However, at the end of the fifth book the story of all the characters converge again. Will it keep joined in the sixth book or will you split the timeline again?
No. I want to reunite the plot lines again in the sixth book so, hopefully, they will come back together and you would be able to read about all the characters again.
Every title of A Song of Ice and Fire saga is composed by three words. Is it a reference to the fact that the dragon has three heads?
It is not, not really. You just wanna name in patterns, so people can tell that all the books are part of the same series. Initially, the series was planned to be a trilogy and my first three titles were A Game of Thrones, A Dance with Dragons and The Winds of Winter... And I finally got A Dance with Dragons [Laughed]. I thought I’d never get that one sitting before me… And now I am on to the The Winds of Winter.
How many pages have you already written of The Winds of Winter?
I’ve already written 400 pages of my sixth book. However, of these 400 pages, only 200 are really finished because I still have to revise the other 200 pages, which are in a rough version and I still have to work on them a lot. But you have to keep in mind that the last book, Dance with Dragons, was 1.500 pages long and this one will be more or less the same extension, so I have a lot of work. I hope after this tour I can go back home in order to write as a possessed man. But the sixth volume won’t be released in 2012 or in 2013. I really look forward to publishing it in 2014, but I am really bad for predictions, you may know it. And then, there is another fact: when I finish this saga I will be judged for the quality of the books, not for the speed of my writing.
You have said several times A Song of Ice and Fire is based, in part, on The Wars of the Roses, in which the Lancasters, whose symbol was a red rose, as the Lannisters, fought against the York family, with a white rose as its emblem, like the Starks. Can we expect a similar ending for your saga?
You cannot count on that. The Lancasters and Yorks fought themselves to extinction until the Tudors came in. But the Tudors were really a new dynasty; they weren’t Lancasters. So...
Do you know, then, how will you end up the story?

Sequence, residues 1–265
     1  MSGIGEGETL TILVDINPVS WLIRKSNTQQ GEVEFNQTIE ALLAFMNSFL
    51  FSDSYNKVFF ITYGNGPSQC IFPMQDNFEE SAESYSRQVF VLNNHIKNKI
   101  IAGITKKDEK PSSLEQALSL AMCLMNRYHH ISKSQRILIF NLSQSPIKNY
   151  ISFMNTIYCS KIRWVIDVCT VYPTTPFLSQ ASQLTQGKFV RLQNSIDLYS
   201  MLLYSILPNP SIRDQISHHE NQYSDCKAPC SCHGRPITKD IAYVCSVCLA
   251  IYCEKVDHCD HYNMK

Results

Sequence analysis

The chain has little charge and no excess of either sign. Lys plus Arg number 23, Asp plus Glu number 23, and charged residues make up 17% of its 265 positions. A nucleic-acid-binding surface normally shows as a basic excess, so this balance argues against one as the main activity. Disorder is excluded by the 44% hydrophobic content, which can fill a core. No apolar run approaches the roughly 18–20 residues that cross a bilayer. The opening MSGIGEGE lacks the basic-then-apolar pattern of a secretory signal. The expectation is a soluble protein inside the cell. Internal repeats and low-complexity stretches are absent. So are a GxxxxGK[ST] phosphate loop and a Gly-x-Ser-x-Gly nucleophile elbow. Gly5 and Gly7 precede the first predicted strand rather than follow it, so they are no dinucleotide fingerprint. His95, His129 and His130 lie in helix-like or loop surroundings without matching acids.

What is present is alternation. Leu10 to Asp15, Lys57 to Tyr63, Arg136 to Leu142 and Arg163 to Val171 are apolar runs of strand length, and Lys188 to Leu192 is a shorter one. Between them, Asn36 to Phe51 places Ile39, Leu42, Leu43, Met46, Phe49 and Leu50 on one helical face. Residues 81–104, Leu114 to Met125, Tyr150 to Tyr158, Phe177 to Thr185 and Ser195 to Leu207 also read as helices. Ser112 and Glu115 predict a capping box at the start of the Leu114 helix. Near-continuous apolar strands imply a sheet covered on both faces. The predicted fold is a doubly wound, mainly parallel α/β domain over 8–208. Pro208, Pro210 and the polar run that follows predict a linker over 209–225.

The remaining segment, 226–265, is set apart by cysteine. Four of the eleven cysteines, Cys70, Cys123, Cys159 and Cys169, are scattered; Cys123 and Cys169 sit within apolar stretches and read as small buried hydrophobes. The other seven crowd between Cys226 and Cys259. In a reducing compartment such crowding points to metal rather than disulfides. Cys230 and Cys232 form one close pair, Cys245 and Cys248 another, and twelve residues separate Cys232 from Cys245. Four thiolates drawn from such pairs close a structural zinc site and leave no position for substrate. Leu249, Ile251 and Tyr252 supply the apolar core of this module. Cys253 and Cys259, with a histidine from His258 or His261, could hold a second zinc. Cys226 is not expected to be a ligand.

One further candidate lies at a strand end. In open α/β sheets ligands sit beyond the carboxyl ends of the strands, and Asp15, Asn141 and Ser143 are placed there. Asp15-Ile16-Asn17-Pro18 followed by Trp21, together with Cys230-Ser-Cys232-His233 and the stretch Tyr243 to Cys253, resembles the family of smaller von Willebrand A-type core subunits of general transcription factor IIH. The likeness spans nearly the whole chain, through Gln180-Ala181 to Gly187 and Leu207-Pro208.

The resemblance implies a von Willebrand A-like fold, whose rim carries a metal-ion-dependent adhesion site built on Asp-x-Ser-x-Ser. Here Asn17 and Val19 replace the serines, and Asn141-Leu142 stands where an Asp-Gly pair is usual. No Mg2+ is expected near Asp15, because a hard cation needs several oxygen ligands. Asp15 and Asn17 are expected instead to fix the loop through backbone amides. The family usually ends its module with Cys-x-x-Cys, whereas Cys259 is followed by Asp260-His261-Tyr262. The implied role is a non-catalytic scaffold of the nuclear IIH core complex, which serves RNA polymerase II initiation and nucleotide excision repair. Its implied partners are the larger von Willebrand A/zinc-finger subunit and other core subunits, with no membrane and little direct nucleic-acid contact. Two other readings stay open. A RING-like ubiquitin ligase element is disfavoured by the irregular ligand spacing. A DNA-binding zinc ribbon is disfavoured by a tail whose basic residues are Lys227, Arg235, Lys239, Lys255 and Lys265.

Yes. For me, writing a book is like a long journey, and like any trip, I know the point where I start the journey and the point I wanna get to. I also know a little bit of the route, such as the main cities in which I wanna stop by, and even a few monuments I would like to visit. What I do not know is where I will eat the first night or which songs will be on the radio. I discover all that details while I am writing the book and that’s the reason why I go so slowly: because sometimes I have to go back to change certain things.
Your last book was first named A Time for Wolves...
Time for Wolves was an earlier title. But it will finally be named A Dream of Spring.
That’s the current title but first you thought the other title...
Yes, but it was just a working title. I decided I would use Dream of Spring.
Is that for any special reason? The other was too revealing?
No. It’s just I thing Dream of Spring is a better title.
Harry Potter and the Goblet of Fire brushed away the Hugo Award in which your Storm of Swords was also a nominee. What do you thing about J.K. Rowling and her saga?
Well… [He changes his tone, into a lower one] I wish I have beaten her, what can I say! I would have liked to win that award and I don’t think Rowling cares much about it. And she didn’t send anyone to accept the award, which is certainly annoying. But she has done a great stuff for fantasy and many of my readers are people who started with Harry Potter; they’ve grown up and she got them to reading, she got them to fantasy. J.K. Rowling has grown up an entirely generation of children into the field and for that I applaud her.
Was Storm of Swords your favorite book?
It’s probably the strongest of the series to date, but on the other hand it’s sort of artificial to talk of that because I look at this as one book, not five, although it’s been published as five books. I try to give each book a sort of identity but it’s really one story, it’s A Song of Ice and Fire, just as The Lord of the Rings is The Lord of the Rings. Its division into three volumes, in the case of Tolkien, was purely artificial; the same is true of mine. To say Storm of Swords is the best is like to say: “I like these 20 chapters better than the rest of the book”. Well… maybe I do, but still, you have a book. Story, in this case, has to be judged a whole, beginning, middle and end. We’ll see when I get to the end what people think of that…
You know that the ending won’t please everyone, don’t you?
Of course I will disappoint some of my fans because they are making theories about who will finally take the throne: who would live, who would die… and they even imagine romantic pairings. But I have already experienced that phenomenon with Feast for Crows and again with Dance with Dragons, and repeating the words of Rick Nelson: “You can’t please anyone, so you’ve got to please yourself”. So I will write the two last books as good as I am capable of and I think the great majority of my readers would be happy with it. Trying to please everyone is a horrible mistake; I don’t say you should annoy your readers but art isn’t a democracy and should never be a democracy. It’s my story and those people who get annoyed should go out and write their own stories; the stories they wanna read.
Do you use to check the Internet forums in order to see the predictions made by your fans?